The M&A Due Diligence Process

Due diligence is a key aspect of any acquisition or investment. It is a programme of critical analysis undertaken prior to an acquisition or investment to ensure that there are no undisclosed liabilities or risks.

There are potentially enormous risks associated with buying or investing in any business and the legal adage of caveat emptor or “let the buyer beware” applies. The buyer must be satisfied as to the prospects and viability of the business and should undertake extensive due diligence investigations before committing to a purchase.


While appropriate review will not eliminate all risks, the knowledge gained can alert buyers as to what risks may exist, so that they can mitigate them going forward and ensure the deal structure and associated documentation are appropriately tailored.

Benefits of due diligence

Too often parties view due diligence as merely a “tick the box” exercise, particularly if it does not uncover any issues. However, when the process uncovers previously unknown risks, trends or shortcomings, or the process is handled poorly and loses the confidence of the buyer, the need for, and value of, undertaking appropriate due diligence becomes clear.


Some of the key benefits include:

  • Opportunity to withdraw if serious risks found

  • Opportunity to restructure, amend sale documents or reduce the purchase price if the process reveals large but non-fatal liabilities

  • Avoidance of enforcement costs

  • Verification of financial projections

  • Tailored warranties and conditions

  • Ability to invest with confidence

  • Integration and 90- or 100-day post-acquisition plans

Maximising the benefits of due diligence

In order to maximise the benefits of the due diligence process, it is essential to ensure that it has:

  • The right scope to build the right framework, questionnaire and team within the budget allocated.

  • A logical framework including a clear timetable, a list of major areas of concern and clear scope of review, an effective system for managing the process and effective confidentiality controls.

  • Cohesive teams of advisers who understand the needs of the buyer, can implement the due diligence framework, who can understand the target’s business and identify issues affecting the target industry.

  • Clear communication between the buyer and its advisers and between the advisers themselves as the issues which arise in one stream of due diligence may be relevant to other streams.

  • A co-operative target.

Inadequately planned due diligence programmes will be of limited value to the buyer. Time and energy can be wasted undertaking unnecessary due diligence or pursuing post-completion remedies forcing the buyer to recover losses under the warranties in the sale agreement.


Transaction risk

Some businesses are less risky than others. The key is for buyers to know how much risk they are prepared to accept, identify risks before a deal is struck and do what they can to reduce the impact of these on the deal and the future business.


Buyers should be clear that the breadth of their due diligence is not the only factor influencing the risk of a deal. The overall “transaction risk” (the risk of finding out undisclosed information about the business after the deal is done) is comprised of three factors — inherent risk, liability risk and due diligence risk.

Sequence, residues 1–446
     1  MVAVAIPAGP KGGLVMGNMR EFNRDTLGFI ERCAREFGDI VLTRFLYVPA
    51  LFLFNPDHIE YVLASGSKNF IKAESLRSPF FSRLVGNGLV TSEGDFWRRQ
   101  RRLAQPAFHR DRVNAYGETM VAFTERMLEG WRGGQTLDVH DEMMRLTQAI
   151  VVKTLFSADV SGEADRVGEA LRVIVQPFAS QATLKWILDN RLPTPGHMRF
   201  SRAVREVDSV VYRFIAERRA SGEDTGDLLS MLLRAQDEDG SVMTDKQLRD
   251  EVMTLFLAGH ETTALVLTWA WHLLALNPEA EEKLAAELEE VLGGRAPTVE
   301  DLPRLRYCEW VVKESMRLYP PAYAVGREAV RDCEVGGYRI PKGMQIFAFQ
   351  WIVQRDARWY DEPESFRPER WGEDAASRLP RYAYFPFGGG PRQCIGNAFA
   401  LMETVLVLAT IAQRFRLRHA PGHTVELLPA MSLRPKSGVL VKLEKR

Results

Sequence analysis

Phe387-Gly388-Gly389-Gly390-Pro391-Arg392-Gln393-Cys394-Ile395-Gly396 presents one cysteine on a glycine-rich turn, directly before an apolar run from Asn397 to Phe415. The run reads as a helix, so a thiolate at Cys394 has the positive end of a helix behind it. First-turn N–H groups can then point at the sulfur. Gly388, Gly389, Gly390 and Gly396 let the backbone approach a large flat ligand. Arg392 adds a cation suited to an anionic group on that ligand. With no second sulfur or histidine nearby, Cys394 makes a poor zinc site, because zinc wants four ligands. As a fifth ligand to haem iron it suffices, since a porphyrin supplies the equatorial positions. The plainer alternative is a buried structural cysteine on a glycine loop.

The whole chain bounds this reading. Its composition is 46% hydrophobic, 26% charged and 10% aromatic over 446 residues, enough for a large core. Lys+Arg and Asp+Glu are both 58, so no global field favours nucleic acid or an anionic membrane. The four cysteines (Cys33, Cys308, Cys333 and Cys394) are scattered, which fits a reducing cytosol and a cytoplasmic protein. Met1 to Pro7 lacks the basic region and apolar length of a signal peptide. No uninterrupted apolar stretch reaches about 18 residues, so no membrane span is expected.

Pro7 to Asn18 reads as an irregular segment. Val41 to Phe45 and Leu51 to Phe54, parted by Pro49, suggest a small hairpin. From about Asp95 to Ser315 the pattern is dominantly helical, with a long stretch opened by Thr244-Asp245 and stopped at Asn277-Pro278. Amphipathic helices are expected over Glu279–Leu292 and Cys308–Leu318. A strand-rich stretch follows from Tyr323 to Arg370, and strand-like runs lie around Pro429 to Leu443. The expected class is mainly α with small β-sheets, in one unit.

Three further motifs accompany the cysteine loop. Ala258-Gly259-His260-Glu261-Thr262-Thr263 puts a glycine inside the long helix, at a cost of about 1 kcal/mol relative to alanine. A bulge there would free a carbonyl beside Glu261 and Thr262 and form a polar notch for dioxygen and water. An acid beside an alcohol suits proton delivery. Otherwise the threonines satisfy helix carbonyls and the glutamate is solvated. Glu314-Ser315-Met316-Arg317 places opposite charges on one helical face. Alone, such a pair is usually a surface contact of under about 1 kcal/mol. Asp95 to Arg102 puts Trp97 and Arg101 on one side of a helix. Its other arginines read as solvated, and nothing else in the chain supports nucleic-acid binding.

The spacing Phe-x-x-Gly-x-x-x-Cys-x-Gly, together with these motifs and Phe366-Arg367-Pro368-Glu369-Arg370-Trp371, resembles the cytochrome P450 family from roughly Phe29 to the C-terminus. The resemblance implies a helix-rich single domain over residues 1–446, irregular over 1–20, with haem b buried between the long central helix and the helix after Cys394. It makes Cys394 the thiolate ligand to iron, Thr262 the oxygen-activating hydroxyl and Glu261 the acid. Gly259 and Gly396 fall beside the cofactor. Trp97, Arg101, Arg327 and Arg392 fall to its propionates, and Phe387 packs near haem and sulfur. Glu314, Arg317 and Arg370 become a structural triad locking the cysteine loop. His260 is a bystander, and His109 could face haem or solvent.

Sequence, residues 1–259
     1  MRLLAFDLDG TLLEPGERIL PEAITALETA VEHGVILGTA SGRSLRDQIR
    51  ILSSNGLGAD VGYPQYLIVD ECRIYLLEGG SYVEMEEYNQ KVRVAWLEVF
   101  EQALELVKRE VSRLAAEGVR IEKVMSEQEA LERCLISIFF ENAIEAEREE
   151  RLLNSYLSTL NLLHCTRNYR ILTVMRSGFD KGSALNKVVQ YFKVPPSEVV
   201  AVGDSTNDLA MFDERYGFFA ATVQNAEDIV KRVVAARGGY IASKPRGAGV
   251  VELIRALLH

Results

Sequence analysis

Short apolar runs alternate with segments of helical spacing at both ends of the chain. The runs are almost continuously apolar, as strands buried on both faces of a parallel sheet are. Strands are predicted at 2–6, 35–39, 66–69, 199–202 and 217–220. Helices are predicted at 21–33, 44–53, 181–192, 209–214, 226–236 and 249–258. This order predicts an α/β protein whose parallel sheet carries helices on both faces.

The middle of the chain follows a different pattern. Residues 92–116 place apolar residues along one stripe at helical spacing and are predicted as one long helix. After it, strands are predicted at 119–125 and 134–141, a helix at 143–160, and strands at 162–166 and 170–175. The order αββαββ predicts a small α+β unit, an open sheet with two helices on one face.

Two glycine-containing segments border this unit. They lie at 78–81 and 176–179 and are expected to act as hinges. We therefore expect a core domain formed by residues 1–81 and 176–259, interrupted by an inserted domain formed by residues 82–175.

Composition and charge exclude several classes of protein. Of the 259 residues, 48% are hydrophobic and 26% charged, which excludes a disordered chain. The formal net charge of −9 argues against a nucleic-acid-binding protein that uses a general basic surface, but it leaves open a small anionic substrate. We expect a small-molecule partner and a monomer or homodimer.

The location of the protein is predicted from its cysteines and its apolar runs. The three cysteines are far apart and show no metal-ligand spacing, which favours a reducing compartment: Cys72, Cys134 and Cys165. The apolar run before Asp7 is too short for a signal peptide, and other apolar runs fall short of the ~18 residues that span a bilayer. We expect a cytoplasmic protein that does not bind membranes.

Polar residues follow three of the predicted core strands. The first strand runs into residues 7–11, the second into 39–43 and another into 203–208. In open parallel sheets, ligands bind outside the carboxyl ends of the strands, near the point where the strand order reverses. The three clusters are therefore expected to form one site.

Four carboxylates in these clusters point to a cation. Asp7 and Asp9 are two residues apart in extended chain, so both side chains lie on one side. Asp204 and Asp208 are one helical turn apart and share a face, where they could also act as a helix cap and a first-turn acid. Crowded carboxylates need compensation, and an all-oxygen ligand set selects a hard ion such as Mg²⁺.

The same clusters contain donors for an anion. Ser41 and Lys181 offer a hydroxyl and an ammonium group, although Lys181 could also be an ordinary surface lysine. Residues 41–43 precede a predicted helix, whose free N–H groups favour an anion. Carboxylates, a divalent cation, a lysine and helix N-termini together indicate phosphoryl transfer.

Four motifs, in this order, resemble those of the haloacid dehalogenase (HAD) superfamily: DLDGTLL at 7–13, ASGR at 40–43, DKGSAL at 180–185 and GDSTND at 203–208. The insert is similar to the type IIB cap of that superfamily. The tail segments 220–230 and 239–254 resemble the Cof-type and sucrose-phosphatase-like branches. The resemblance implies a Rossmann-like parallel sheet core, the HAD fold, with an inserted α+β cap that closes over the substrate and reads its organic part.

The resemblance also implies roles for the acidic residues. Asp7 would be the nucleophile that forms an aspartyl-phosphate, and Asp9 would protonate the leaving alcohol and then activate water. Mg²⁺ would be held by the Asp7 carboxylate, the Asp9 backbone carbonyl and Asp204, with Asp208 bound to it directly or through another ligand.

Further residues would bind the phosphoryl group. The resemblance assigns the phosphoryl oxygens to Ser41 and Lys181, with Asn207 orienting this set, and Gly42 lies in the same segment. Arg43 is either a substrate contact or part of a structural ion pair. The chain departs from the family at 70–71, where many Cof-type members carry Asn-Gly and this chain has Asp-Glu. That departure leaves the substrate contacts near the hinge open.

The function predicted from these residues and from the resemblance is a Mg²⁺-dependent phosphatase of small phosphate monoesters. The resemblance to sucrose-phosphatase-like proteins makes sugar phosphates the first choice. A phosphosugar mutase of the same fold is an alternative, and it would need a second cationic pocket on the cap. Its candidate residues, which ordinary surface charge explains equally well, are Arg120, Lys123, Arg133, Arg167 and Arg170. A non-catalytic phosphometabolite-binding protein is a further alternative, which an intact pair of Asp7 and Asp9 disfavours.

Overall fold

Overall transaction risk can be reduced if inherent risk, liability risk and due diligence risk are reduced. It is important to note that while risk cannot be eliminated, it can be reduced with the right transaction approach.


Overall transaction risk can be reduced if inherent risk, liability risk and due diligence risk are reduced. It is important to note that while risk cannot be eliminated, it can be reduced with the right transaction approach.


Scope

The level and scope of due diligence undertaken will depend on the particular transaction, the number of parties involved and the specific needs of the buyer. For instance, in the case of a management buyout where a vendor is only prepared to provide limited warranties, PE providers and debt providers will want to carry out an extensive due diligence review, in contrast to the management team who should already have good knowledge and understanding of the business.


Timetable

Due diligence can take weeks and sometimes months to complete. During the due diligence process, the due diligence team is likely to have an ongoing presence at the target’s premises.


Types of due diligence

There are four main types of due diligence undertaken:


Commercial due diligence

Commercial due diligence (CDD) is designed to test the assumptions underpinning the financial projections. It assesses how credible the assumptions are about the market and the company’s positioning within the market. CDD appraisal is more subjective than financial due diligence reviews.


Legal due diligence

A key aspect of legal due diligence (LDD) is determining the scope of the investigations by setting risk or materiality thresholds and identifying any areas of concern and often overlaps with other areas (eg tax or environment). The principal areas covered by the LDD review will include:


• Key contracts

• Financial arrangements

• Constituent documents

• Insurance

• Employees

• Intellectual property

• Superannuation/pensions

• Property

• Litigation/disputes

• Regulatory

• Tax

• Licences/permits

• Environmental

• Public registers

• Anti-money laundering

• Environmental, social and governance


Financial due diligence